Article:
Conventional WLE is based on reflection of visible light from the mucosal surface to reveal the presence of structural abnormalities, such as nodularity, ulceration or oedema, that may harbour neoplasia. Images are collected with relatively low contrast compared with fluorescence, and disease is detected based on non-specific properties of tissue. Figure 3A shows a standard WLE used to visualise BE, which has a characteristic salmon pink colour. Recently, this technology has seen great improvement in resolution. High definition white light endoscopy (HD-WLE) use charge-coupled device detectors that have >106 pixels and can achieve resolution on the cellular scale (∼10 μm).24

Figure 3

Novel imaging instruments. (A) Conventional white light endoscopy(WLE) shows squamous (SQ) patches within Barrett's oesophagus (BE). (B) Fluorescence (F) endoscope shows molecular images of high-grade dysplasia (HGD; high signal) next to SQ (low signal). (C) Scanning fibre endoscope inserted transnasally shows patches of BE. (D) Capsule endoscopy with tethered probe shows cross-sectional image of BE on optical coherence tomography (images courtesy of G. Tearney and M. Gora). (E) Confocal laser endomicroscope (CLE) passes through instrument channel of endoscope to shows optical cross-section of HGD on molecular imaging in vivo. pCLE, probe-based CLE.

Chromoendoscopy uses WLE with intravital dye, such as methylene blue (peak absorption at 670 nm) that is topically applied the mucosal surface to enhance visibility of microanatomical features.25 ,26 A prospective, randomised crossover study of 47 patients using chromoendoscopy with methylene blue reported detection of dysplasia with 51% sensitivity and 48% specificity.25 A later randomised control trial showed dysplasia or EAC detection with 49% sensitivity and 85% specificity.26 A meta-analysis of nine clinical studies totalling 450 patients using chromoendoscopy with methylene blue found no improvement in diagnostic yield for neoplasia compared with WLE alone using the Seattle protocol.27 Chromoendoscopy has also been performed with acetic acid to produce a transient whitening effect caused by protein acetylation and tissue oedema. Dysplasia regains colour faster than BE and squamous. Table 1 summarises the results of a prospective clinical study that used chromoendoscopy with acetic acid to detect Barrett's neoplasia with 95.6% sensitivity and 81% specificity.28 However, a false-positive rate of 19.6% was observed, most likely from areas of inflammation. Compared with WLE, chromoendoscopy with acetic acid has been reported to increase the yield of neoplasia on biopsy by 6.5-fold with a 15-fold decrease in biopsies needed.29 This study was not randomised or blinded. Overall, chromoendoscopy with acetic acid is well tolerated and low in cost.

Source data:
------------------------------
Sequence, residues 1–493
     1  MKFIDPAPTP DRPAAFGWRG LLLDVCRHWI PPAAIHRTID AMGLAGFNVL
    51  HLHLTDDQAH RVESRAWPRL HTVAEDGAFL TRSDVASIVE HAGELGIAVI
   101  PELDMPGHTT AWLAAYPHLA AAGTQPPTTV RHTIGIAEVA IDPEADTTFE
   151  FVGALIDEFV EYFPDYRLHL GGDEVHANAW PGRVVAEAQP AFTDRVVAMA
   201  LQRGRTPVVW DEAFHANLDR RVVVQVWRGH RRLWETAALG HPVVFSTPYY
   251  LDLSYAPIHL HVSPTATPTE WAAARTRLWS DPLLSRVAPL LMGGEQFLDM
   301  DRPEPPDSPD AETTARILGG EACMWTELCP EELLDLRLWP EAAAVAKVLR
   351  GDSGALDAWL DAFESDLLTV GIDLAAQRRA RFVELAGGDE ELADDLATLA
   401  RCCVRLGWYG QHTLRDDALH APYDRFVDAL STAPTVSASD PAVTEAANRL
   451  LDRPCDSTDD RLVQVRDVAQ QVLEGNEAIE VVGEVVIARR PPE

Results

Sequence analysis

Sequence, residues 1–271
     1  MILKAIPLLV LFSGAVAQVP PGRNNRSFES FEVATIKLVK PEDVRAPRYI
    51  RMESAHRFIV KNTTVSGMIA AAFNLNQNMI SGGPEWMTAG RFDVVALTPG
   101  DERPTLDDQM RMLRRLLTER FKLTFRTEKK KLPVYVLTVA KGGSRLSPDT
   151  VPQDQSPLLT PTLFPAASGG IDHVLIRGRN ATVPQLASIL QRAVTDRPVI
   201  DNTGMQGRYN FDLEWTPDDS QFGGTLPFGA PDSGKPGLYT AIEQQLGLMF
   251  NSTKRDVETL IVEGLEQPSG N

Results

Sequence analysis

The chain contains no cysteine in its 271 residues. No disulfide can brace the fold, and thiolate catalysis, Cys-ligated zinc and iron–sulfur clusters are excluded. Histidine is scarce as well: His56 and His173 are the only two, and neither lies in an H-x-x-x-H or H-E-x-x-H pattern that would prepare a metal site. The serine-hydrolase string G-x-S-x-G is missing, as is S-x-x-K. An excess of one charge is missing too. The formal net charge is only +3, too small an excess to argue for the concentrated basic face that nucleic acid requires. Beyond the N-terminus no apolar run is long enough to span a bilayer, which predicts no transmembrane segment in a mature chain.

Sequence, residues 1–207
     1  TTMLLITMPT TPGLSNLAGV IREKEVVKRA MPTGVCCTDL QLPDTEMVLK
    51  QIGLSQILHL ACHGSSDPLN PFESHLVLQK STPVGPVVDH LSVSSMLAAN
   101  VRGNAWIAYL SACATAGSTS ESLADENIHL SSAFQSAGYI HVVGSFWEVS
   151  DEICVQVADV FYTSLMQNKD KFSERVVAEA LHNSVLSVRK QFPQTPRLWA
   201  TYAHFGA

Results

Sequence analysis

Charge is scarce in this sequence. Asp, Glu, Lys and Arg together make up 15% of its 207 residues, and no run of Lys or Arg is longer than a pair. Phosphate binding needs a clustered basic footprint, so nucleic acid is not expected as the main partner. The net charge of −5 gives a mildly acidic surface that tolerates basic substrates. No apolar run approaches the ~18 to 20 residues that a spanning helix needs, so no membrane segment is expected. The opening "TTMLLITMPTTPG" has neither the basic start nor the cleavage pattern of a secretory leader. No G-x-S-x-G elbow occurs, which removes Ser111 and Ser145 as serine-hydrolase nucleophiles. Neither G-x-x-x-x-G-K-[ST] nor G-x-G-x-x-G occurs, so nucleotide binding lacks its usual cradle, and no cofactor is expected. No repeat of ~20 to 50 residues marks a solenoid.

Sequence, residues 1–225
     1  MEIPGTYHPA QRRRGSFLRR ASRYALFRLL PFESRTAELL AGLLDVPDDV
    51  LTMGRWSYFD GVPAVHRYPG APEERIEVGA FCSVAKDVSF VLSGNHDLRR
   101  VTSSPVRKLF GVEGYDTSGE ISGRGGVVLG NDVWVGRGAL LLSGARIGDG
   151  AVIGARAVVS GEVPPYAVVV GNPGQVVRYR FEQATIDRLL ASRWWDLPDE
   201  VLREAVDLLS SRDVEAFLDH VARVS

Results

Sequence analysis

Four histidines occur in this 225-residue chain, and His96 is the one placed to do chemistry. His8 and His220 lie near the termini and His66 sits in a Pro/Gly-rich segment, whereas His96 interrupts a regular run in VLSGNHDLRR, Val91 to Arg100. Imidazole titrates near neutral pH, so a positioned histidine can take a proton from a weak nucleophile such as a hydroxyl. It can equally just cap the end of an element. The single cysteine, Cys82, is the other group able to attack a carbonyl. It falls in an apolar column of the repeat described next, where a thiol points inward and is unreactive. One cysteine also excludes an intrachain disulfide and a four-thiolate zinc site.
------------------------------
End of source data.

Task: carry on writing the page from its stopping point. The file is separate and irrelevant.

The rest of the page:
Narrow band imaging (NBI) uses a ‘narrowed’ illumination spectrum to enhance image contrast. The optical filters in the video processor produce blue (440–460 nm) and green (540–560 nm) light to match the absorption peaks of Hb.30 This approach improves visualisation of tissue capillary structures, subepithelial vessels and surface topography. Subtle mucosal irregularities are used to reveal the presence of dysplasia. Table 1 summarises the results of clinical studies using NBI to detect Barrett's neoplasia.31–34 A large meta-analysis totalling 502 patients showed that NBI had 91% sensitivity and 95% specificity for identifying HGD and 91% sensitivity and 85% specificity for detecting BE.34 The use of NBI alone compared with WLE showed a non-significant difference for detection of Barrett's neoplasia. However, NBI may reduce the number of biopsies needed to achieve a comparable diagnostic performance with WLE.33 Recent technological advances in NBI include an optical zoom for improved resolution of mucosal patterns. However, clinical data do not support an improvement in overall disease detection compared with standard WLE.